Aug 1, 1982
The Canadian Journal of Psychiatry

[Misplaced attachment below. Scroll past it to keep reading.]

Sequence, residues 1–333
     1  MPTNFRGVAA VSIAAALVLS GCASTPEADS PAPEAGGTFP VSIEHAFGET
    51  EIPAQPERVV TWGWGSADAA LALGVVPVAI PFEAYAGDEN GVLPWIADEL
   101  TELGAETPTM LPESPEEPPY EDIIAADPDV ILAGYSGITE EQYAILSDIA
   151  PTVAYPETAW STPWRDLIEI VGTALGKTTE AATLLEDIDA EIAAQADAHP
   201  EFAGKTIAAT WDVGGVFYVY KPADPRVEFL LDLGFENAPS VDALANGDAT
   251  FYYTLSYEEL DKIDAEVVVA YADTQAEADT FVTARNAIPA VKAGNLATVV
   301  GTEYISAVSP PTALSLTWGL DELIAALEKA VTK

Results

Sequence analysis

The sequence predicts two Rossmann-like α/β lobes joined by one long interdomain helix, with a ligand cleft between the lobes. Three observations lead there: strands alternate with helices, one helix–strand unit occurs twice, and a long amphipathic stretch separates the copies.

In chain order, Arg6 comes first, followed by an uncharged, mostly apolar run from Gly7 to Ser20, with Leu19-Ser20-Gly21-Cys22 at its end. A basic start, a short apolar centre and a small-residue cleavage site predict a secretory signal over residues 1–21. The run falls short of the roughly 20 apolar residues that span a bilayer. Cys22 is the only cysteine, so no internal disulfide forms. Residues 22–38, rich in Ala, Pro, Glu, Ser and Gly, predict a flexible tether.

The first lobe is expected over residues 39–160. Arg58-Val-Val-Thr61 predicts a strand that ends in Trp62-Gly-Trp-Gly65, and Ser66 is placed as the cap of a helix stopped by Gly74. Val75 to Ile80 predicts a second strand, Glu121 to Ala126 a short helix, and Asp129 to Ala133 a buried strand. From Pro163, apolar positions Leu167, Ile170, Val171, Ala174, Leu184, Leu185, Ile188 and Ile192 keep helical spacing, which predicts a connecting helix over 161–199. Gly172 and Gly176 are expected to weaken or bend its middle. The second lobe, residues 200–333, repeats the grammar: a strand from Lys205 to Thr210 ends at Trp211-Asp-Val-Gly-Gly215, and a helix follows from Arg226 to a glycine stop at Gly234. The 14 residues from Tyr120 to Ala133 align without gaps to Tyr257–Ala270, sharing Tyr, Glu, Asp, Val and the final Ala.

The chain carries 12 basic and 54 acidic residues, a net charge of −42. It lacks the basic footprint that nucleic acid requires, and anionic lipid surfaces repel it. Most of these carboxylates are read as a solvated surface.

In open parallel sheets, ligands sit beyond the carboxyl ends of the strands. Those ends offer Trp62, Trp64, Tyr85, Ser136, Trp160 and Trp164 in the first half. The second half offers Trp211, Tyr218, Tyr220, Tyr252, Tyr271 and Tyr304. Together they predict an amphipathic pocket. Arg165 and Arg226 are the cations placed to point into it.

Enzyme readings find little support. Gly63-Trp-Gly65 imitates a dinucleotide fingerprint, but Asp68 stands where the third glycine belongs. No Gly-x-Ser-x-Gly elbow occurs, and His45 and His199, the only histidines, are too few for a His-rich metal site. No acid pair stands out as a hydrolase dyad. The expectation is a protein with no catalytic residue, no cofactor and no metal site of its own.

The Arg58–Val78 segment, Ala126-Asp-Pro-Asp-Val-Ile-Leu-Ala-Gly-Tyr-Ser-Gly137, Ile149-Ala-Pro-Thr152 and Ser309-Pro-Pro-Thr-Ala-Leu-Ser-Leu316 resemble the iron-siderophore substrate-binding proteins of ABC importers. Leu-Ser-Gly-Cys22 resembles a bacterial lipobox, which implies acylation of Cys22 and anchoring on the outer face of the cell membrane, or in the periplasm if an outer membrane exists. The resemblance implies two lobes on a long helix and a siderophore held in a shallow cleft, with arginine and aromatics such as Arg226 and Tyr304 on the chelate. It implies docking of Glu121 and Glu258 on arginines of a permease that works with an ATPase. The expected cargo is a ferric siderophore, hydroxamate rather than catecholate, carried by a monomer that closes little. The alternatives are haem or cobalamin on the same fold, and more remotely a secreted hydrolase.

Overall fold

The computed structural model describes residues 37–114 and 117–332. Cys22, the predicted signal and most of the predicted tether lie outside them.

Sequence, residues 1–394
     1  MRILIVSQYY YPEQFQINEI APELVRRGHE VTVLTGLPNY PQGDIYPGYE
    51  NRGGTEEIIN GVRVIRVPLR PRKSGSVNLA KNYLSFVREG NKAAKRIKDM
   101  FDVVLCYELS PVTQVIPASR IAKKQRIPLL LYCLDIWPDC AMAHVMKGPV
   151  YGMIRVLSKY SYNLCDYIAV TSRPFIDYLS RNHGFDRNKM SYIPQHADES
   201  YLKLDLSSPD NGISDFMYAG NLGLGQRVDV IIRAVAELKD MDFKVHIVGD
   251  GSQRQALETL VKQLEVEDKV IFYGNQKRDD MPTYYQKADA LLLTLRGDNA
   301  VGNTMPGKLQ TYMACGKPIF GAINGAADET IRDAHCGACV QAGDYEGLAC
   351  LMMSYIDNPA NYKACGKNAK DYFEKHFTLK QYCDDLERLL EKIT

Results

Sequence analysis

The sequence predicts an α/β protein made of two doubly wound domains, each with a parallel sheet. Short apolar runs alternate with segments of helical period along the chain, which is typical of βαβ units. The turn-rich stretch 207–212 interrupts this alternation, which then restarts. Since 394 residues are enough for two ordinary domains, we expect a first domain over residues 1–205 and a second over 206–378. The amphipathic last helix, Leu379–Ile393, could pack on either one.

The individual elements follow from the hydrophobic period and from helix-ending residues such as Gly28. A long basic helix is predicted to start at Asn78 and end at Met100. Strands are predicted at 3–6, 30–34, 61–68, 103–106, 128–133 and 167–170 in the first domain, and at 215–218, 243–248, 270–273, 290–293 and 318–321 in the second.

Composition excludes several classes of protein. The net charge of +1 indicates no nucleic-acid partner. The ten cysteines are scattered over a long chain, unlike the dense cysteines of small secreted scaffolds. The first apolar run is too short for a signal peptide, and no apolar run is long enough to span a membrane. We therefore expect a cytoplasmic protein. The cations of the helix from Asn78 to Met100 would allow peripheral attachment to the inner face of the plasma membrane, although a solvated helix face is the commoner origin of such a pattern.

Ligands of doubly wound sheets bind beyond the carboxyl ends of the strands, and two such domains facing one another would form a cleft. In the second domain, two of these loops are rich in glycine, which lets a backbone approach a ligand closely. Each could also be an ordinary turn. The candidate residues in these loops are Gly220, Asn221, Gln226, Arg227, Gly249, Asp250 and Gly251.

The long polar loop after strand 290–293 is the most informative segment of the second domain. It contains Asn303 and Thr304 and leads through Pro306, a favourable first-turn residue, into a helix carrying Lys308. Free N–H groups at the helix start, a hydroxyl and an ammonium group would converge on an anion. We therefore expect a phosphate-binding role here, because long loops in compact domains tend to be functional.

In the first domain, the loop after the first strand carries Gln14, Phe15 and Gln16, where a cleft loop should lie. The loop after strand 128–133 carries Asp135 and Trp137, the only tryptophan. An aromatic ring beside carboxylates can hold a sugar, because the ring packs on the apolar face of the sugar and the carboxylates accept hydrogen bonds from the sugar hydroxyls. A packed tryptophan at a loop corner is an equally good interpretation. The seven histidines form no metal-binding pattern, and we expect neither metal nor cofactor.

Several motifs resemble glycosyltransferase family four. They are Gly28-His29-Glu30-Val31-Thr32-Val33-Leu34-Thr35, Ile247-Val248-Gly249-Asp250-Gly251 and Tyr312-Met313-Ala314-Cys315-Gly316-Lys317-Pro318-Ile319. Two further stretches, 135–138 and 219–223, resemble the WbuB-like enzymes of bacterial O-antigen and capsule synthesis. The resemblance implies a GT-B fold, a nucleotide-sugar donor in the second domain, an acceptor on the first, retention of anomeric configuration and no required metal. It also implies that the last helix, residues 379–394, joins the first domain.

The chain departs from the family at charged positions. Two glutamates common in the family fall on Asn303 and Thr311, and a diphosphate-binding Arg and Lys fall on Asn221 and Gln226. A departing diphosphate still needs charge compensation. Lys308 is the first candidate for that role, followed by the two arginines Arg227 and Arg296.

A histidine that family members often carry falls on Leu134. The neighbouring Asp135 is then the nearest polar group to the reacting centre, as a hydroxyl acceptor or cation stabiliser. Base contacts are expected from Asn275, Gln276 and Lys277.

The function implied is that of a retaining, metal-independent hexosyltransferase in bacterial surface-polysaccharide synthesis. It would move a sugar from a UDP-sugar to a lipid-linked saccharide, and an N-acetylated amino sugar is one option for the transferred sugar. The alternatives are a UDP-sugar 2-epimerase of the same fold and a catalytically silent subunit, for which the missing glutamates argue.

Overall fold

were more readily applied to non-white patients, psychotherapy was person-oriented and aimed at making the patient adjust to the system without analyzing or denouncing it. At the same time, totalitarian and dehumanizing structures and policy are related to staff segregation, abuses of psychological testing and of medical legal reporting, overdosing patients with psychotropic drugs, the use of ECT as malpractice and of therapy as punishment. This type of abuse of psychiatry may be observed anywhere in the world where it isjudged to be wrong and where staff and administrative personnel try to correct it. But in South Africa, weare told, it is a symptom of the system: it is standard tolerated practice, and part and parcel of the training given to psychiatrists and psychologists. Nowhere is the systematic abuse of psychiatry and medicine more obvious than in the use made of the Valkenburg Hospital by the security police. We are informed that, sometimes, Coloured or African persons who are politically active are apprehended by the police. Instead of being arrested and charged, the "trouble-makers" are injected with drugs, certified by a cooperative police surgeon and taken by ambulance to Valkenburg Hospital for "treatment." There, further drug and shock treatment is administered. In 1977 a new building was allegedly erected with a 15to 20 foot high wall, along the lines of a maximum security prison for dangerous psychopaths, but intended, in this instance, for Coloured and black psychiatric "problem patients." In fact, it was designed to be used for political dissenters or to "re-educate offenders against the pass laws. We are also told that in the middle 1970's the Department of Health became the central mechanism of the government for dealing with mental health affairs. The South African Board of Psychology is largely comprised of government nominees. We are reminded that in the Steve Biko case the three medical doctors who attended the prisoner before his death in September 1977,while he was detained without trial by Port Elizabeth Security Police, were themselves under the influence and political control of the police. Dr. Lambley interrupted his research and left South Africa in 1978, but it is a matter of record that subsequently: I) the three doctors at the inquest of Biko's death were criticized by the presiding magistrate; 2) that in June 1980 the South African Medical and Dental Council decided there was no evidence of professional misconduct by the three doctors; 3) that subsequently the Medical Association of South Africa sided with the Council; and 4) that this created such a protest among South African doctors, including Dr. Christiaan Barnard, the heart surgeon,. and Professor D.J. du Plessis, ViceChancellor of the University of Witwatersrand, Johannesburg, that finally the Federal Council of the Medical Assocation of South Africa, in November 1980, wrote a statement to the press to the effect that Mr. Biko "had received inadequate treatment" and that "the doctors attending Mr. Biko did not appear to have complete clinical independence and that this could have contributed to unsatisfactory management." (The Lancet, September 27, 1980 and November 29, 1980). Clearly, The Psychology ofApartheid, like the thread of Ariadne, leads far beyond the standard practice of psychological testing with matched samples control design to an open socio-political arena for a personal and historical encounter. One wishes, however, that findings and interpretation were more clearly separated, that tables with the results of testing and analysis of data were included and that the "F" scale were added as an appendix. As it is, the book is very comprehensible, although not for the squeamish. Among the cases of schizophrenic patients who were not schizophrenic, the unqualified psychologists and the pompous and repressive Superintendent of Valkenburg, the Broederbond lurks like a morally insane Spectre of the James Bond series, with Verwoerd, Vorster and Botha as the successive villains. In spite of its methodological difficulties and limitations, this book is indeed a much needed example of a scientific study of what is very complex social behaviour. It is also, by its direct approach to professional ethics, a reminder of what human rights are all about and of the necessity to cherish and protect them and our professional freedom and responsibility. The book can be recommended to social psychologists and anthropologists and to all clinicians and individuals working within the health care system.